From the inscriptions found at Telloh, it appears that Lagash was a city of great importance in the Sumerian period, some time probably in the 3rd millennium BC. It was at that time ruled by independent kings, Ur-Nina (24th century BC) and his successors, who were engaged in contests with the Elamites on the east and the kings of "Kengi" and Kish on the north. With the Semitic conquest, it lost its independence, its rulers or patesis becoming vassals of Sargon of Akkad and his successors; but it remained Sumerian, continuing to be a city of much importance and above all, a centre of artistic development. Indeed, it was in this period and under the immediately succeeding supremacy of the kings of Ur, Ur-Gur and Dungi, that it reached its highest artistic development.

After the collapse of Sargon's Empire under pressure from the Guti tribes, Lagash again thrived under the patesis Ur-baba (Ur-bau) and Gudea, and had extensive commercial communications with distant realms. According to his own records, Gudea brought cedars from the Amanus and Lebanon mountains in Syria, diorite from eastern Arabia, copper and gold from central and southern Arabia and from Sinai, while his armies were engaged in battles in Elam on the east. His was especially the era of artistic development. Gudea, following Sargon, was one of the first rulers to claim divinity for himself; and we have even a fairly good idea of what Gudea looked like, since he had his numerous statues or idols depicting himself with unprecedented, lifelike realism, placed in temples throughout Sumer. Gudea took advantage of artistic development because he evidently wanted posterity thousands of years later to know exactly what he looked like, and in that he has succeeded -- a feat that was available to him as royalty, but not to the common people who could not afford to have statues engraved of themselves.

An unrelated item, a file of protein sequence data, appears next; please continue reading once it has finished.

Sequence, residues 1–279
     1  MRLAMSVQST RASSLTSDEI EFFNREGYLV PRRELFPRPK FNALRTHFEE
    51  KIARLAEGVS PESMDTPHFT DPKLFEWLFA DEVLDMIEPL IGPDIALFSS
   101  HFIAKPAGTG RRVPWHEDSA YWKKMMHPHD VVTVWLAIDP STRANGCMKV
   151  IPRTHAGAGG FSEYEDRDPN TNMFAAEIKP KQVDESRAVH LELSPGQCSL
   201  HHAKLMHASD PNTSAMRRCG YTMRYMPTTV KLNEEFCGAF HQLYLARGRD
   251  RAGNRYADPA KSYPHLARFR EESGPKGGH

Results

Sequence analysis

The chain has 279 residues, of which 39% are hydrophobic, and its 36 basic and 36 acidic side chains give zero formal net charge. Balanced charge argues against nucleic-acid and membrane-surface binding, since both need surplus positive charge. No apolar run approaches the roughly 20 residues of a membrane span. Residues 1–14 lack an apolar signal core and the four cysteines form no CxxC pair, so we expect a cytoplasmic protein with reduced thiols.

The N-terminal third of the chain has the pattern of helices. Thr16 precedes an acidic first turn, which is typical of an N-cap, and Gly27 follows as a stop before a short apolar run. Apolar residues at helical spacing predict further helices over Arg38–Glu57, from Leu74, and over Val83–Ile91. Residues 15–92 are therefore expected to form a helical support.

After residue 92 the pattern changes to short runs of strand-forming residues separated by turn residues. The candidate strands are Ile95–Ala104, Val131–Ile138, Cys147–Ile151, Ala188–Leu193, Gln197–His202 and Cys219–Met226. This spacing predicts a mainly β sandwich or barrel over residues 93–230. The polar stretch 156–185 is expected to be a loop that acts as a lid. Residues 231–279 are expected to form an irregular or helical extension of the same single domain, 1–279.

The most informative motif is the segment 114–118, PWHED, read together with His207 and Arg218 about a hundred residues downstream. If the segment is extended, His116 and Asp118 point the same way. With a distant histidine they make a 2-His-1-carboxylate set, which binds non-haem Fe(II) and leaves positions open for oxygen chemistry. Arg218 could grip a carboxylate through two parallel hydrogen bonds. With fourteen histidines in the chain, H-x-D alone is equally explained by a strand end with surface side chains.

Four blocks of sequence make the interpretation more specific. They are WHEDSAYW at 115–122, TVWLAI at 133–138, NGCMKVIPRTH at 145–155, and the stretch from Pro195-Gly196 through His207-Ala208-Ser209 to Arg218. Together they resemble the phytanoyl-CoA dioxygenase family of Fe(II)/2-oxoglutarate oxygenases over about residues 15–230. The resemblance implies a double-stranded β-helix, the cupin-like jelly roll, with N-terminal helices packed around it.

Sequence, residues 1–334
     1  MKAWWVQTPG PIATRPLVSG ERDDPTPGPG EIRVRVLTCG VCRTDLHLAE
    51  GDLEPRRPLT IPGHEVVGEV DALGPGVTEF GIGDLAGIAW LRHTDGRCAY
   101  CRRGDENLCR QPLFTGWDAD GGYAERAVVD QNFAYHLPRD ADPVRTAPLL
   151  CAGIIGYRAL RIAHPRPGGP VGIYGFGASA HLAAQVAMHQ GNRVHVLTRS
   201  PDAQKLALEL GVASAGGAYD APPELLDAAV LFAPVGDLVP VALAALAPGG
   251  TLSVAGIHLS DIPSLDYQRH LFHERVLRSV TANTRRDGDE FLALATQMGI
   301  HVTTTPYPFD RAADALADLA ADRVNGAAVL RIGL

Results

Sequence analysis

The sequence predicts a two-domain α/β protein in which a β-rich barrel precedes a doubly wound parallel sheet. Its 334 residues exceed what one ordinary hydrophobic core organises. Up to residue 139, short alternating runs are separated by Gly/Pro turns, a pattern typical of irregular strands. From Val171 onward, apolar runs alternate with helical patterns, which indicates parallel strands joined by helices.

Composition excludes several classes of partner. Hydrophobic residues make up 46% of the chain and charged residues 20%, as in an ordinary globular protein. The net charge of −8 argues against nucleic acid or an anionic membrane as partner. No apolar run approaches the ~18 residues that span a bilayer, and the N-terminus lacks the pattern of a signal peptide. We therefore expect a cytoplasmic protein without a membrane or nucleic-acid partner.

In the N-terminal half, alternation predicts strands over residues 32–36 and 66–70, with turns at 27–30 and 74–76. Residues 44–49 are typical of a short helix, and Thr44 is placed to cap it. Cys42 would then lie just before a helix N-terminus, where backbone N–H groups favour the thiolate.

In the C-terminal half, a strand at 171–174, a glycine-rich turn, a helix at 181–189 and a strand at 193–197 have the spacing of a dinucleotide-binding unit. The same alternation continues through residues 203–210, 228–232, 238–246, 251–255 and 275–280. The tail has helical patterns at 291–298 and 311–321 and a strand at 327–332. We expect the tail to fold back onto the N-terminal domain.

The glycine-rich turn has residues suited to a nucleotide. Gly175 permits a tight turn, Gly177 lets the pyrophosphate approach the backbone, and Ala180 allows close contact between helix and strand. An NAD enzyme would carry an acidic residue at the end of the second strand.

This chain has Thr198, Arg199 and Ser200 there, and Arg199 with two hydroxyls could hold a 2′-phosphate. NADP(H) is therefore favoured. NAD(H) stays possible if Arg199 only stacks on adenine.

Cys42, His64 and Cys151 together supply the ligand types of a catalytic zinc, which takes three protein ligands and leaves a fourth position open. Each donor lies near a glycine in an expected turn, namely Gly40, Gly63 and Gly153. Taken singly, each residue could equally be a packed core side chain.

Some of the earlier works of Ur-Nina, En-anna-tum, Entemena and others, before the Semitic conquest, are also extremely interesting, especially the famous Stele of the Vultures and a great silver vase ornamented with what may be called the coat of arms of Lagash: a lion-headed eagle with wings outspread, grasping a lion in each talon.